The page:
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Proceedings Paper

Personal perceptual and cognitive property for 3D recognition
Author(s): Takeshi Matozaki; Akihiko Tanisita
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Paper Abstract

3D closed circuit TV which produces stereoscopic vision by observing different images through each eye alternately, has been proposed. But, there are several problems, both physiological and psychological, for 3D image observation in many fields. From this prospective, we are learning personal visual characteristics for 3D recognition in the transition from 2D to 3D. We have separated the mechanism of 3D recognition into several categories, and formed some hypothesis about the personal features. These hypotheses are related to an observer's personal features, as follows: (1) consideration of the angle between the left and the right eye's line of vision and the adjustment of focus, (2) consideration of the angle of vision and the time required for fusion, (3) consideration of depth sense based on life experience, (4) consideration of 3D experience, and (5) consideration of 3D sense based on the observer's age. To establish these hypotheses, and we have analyzed the personal features of the time interval required for 3D recognition through some examinations to examinees. Examinees indicate their response for 3D recognition by pushing a button. Recently, we introduced a method for picking up the reaction of 3D recognition from examinees through their biological information, for example, analysis of pulse waves of the finger. We also bring a hypothesis, as a result of the analysis of pulse waves. (1) We can observe chaotic response when the examinee is recognizing a 2D image. (2) We can observe periodic response when the examinee is recognizing a 3D image. We are making nonlinear forecasts by getting correlation between the forecast and the biological phenomena. Deterministic nonlinear prediction are applied to the data, as a promising method of chaotic time series analysis in order to analyze the long term unpredictability, one of the fundamental characteristics of deterministic chaos.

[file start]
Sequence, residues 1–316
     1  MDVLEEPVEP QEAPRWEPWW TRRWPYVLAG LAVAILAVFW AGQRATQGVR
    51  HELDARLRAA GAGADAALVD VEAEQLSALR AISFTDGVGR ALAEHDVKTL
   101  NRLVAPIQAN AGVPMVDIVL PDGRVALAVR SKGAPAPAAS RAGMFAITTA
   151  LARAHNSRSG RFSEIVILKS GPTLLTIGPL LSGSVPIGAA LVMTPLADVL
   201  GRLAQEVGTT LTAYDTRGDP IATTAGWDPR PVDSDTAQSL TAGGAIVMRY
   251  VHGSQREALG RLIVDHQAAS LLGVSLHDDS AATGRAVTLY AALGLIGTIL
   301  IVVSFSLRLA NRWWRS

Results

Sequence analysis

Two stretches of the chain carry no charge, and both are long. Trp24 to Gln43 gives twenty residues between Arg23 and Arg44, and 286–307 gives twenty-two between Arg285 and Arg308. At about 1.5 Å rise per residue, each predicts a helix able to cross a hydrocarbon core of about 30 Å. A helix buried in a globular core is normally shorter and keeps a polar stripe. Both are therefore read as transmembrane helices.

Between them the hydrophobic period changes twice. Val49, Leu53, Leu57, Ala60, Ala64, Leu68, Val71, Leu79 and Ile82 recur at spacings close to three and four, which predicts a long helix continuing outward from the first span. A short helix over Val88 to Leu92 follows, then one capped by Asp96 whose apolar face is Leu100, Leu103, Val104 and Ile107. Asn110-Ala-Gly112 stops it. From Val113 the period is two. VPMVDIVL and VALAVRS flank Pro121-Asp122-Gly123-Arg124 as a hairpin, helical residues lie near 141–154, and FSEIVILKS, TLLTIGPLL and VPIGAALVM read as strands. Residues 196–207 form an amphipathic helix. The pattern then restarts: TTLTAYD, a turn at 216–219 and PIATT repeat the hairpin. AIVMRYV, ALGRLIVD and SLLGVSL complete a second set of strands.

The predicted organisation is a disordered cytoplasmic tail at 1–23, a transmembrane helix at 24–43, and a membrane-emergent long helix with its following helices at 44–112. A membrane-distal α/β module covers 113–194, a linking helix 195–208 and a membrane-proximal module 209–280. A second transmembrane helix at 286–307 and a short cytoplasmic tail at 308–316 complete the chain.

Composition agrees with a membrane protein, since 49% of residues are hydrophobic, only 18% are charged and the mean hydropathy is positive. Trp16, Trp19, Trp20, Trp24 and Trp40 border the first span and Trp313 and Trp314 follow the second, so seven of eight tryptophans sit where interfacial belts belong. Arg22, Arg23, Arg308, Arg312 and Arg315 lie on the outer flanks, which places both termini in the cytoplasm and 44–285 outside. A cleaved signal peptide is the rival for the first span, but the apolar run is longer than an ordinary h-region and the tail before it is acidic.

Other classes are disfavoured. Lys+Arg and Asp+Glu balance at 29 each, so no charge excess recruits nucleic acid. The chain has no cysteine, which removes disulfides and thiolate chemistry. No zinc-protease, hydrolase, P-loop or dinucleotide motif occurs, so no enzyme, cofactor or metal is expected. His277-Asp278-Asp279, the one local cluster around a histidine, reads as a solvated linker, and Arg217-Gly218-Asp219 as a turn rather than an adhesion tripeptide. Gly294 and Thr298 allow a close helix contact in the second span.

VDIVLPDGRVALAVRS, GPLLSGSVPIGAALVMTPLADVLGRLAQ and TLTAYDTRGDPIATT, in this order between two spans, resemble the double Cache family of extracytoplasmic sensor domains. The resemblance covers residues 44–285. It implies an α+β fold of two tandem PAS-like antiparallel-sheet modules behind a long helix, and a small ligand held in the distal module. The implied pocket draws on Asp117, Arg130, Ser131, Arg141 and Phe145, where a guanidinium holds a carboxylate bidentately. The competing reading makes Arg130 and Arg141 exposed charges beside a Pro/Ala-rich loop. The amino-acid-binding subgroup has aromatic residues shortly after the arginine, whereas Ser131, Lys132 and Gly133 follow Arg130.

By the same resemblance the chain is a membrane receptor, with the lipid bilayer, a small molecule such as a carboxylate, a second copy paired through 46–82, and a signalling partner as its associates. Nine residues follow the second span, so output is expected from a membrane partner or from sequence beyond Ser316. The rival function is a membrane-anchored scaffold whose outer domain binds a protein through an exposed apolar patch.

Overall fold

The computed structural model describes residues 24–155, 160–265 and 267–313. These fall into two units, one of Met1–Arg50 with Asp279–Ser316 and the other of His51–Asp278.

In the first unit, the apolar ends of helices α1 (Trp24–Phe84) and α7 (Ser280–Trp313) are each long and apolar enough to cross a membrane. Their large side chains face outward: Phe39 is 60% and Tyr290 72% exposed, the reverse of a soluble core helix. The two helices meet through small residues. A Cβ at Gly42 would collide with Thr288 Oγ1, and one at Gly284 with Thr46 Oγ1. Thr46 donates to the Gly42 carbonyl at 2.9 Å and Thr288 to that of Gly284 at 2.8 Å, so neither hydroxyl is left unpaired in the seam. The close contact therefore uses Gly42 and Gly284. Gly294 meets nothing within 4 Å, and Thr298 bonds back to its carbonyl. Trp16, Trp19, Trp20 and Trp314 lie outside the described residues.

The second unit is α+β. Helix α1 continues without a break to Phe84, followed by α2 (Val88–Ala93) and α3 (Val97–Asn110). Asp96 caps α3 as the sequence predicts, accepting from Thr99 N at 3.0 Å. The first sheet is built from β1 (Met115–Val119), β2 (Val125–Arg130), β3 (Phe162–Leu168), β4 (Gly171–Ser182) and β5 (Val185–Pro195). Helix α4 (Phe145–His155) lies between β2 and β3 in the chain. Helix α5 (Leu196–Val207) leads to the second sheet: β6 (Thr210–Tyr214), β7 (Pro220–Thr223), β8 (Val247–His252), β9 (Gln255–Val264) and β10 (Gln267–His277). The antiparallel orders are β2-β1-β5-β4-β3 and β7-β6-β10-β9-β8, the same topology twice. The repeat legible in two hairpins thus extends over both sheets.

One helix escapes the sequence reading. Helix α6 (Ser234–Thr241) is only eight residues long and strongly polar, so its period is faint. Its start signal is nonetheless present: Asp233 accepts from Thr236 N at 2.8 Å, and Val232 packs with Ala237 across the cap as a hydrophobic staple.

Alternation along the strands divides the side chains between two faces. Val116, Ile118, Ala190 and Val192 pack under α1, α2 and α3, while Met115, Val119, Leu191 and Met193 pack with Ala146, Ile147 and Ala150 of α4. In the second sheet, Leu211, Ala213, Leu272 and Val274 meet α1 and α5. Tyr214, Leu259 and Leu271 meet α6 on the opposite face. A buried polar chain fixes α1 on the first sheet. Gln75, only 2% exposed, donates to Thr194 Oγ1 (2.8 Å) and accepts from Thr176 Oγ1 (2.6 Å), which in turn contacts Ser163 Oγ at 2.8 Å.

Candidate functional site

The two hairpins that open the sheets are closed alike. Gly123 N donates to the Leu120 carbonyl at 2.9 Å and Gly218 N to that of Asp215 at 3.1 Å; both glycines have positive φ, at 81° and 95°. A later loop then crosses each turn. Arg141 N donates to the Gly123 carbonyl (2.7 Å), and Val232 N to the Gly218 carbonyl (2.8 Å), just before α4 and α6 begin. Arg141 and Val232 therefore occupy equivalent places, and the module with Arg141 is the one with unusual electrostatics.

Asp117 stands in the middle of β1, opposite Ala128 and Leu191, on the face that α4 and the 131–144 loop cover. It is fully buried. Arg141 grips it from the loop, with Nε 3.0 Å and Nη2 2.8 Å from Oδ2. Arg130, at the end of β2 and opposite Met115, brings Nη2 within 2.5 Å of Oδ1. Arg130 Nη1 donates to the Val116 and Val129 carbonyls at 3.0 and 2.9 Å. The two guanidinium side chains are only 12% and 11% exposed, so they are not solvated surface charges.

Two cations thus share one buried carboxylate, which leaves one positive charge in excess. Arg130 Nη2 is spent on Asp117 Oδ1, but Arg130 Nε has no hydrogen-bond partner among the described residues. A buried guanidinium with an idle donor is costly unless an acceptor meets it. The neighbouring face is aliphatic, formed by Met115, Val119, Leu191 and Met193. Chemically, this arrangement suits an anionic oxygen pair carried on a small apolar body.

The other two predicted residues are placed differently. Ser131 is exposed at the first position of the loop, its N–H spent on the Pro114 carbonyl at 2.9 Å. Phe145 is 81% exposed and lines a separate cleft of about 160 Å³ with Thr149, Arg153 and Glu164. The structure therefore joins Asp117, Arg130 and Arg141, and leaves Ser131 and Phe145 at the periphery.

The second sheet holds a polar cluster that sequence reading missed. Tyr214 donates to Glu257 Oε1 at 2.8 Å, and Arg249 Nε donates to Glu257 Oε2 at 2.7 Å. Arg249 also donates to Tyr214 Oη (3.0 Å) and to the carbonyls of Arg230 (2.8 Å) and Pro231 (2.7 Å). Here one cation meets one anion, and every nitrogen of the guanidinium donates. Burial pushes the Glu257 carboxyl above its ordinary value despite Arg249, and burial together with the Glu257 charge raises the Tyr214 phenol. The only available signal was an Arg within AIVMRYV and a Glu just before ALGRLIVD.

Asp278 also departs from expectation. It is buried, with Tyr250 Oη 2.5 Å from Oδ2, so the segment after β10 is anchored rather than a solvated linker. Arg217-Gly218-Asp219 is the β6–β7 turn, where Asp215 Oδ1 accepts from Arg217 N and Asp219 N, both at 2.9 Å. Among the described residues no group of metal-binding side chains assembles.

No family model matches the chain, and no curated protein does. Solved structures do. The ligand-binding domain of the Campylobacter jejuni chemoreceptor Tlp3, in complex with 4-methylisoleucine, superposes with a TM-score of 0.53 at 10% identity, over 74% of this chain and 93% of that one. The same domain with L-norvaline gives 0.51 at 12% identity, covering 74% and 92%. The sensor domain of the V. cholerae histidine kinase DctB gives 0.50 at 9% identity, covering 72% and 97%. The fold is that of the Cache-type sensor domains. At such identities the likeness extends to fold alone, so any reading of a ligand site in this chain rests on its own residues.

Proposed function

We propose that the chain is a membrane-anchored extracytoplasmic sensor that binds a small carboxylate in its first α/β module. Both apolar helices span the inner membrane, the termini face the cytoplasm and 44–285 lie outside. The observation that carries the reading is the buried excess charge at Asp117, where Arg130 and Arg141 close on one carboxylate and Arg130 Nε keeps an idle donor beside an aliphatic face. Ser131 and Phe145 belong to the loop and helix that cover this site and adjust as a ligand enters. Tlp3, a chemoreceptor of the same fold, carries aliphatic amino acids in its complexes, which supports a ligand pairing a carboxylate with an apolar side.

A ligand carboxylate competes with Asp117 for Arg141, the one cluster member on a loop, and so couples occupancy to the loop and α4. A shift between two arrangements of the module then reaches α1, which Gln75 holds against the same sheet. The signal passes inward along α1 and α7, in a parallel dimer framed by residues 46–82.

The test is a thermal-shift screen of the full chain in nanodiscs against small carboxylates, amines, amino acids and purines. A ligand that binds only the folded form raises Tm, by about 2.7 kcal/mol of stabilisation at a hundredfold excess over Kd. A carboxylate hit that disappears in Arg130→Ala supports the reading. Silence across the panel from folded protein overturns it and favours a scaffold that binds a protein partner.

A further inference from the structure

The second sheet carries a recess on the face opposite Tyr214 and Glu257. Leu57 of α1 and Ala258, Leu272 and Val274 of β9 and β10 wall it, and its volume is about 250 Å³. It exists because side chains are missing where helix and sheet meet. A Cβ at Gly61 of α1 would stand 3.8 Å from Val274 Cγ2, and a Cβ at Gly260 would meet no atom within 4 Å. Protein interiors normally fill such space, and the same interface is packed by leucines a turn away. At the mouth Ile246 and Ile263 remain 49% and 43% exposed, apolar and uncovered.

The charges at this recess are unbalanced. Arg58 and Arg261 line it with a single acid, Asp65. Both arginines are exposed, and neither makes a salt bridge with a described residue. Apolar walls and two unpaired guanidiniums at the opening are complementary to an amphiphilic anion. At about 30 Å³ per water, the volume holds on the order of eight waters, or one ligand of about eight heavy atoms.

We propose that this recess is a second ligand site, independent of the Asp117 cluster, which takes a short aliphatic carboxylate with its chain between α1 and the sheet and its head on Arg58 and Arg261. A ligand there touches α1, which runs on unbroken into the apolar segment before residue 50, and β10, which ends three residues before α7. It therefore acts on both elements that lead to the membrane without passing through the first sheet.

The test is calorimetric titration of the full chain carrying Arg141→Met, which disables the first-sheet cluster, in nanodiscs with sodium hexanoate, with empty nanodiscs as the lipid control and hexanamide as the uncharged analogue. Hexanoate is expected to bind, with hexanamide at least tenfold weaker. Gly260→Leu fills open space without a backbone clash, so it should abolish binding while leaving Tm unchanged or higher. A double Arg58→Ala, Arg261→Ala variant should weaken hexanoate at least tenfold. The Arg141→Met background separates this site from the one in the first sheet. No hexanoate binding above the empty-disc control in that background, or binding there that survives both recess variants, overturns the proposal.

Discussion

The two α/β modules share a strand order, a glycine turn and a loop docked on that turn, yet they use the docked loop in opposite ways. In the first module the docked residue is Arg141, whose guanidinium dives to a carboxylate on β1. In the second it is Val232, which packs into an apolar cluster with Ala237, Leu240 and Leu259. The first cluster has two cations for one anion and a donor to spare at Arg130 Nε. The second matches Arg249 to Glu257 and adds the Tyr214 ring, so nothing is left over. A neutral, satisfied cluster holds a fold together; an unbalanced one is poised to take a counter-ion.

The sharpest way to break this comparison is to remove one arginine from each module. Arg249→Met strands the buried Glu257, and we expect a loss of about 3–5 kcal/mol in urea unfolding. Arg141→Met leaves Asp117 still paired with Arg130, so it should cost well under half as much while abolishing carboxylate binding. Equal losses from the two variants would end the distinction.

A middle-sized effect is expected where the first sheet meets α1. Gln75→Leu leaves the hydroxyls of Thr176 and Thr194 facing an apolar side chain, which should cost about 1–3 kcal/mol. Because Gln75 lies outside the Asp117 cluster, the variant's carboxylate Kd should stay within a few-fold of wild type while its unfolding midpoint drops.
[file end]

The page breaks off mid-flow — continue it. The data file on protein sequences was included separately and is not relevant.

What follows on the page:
Paper Details

Date Published: 10 April 1996
PDF: 10 pages
Proc. SPIE 2653, Stereoscopic Displays and Virtual Reality Systems III, (10 April 1996); doi: 10.1117/12.237430
Show Author Affiliations
Takeshi Matozaki, Science Univ. of Tokyo (Japan)
Akihiko Tanisita, Science Univ. of Tokyo (Japan)


Published in SPIE Proceedings Vol. 2653:
Stereoscopic Displays and Virtual Reality Systems III
Mark T. Bolas; Mark T. Bolas; Scott S. Fisher; Scott S. Fisher; John O. Merritt, Editor(s)

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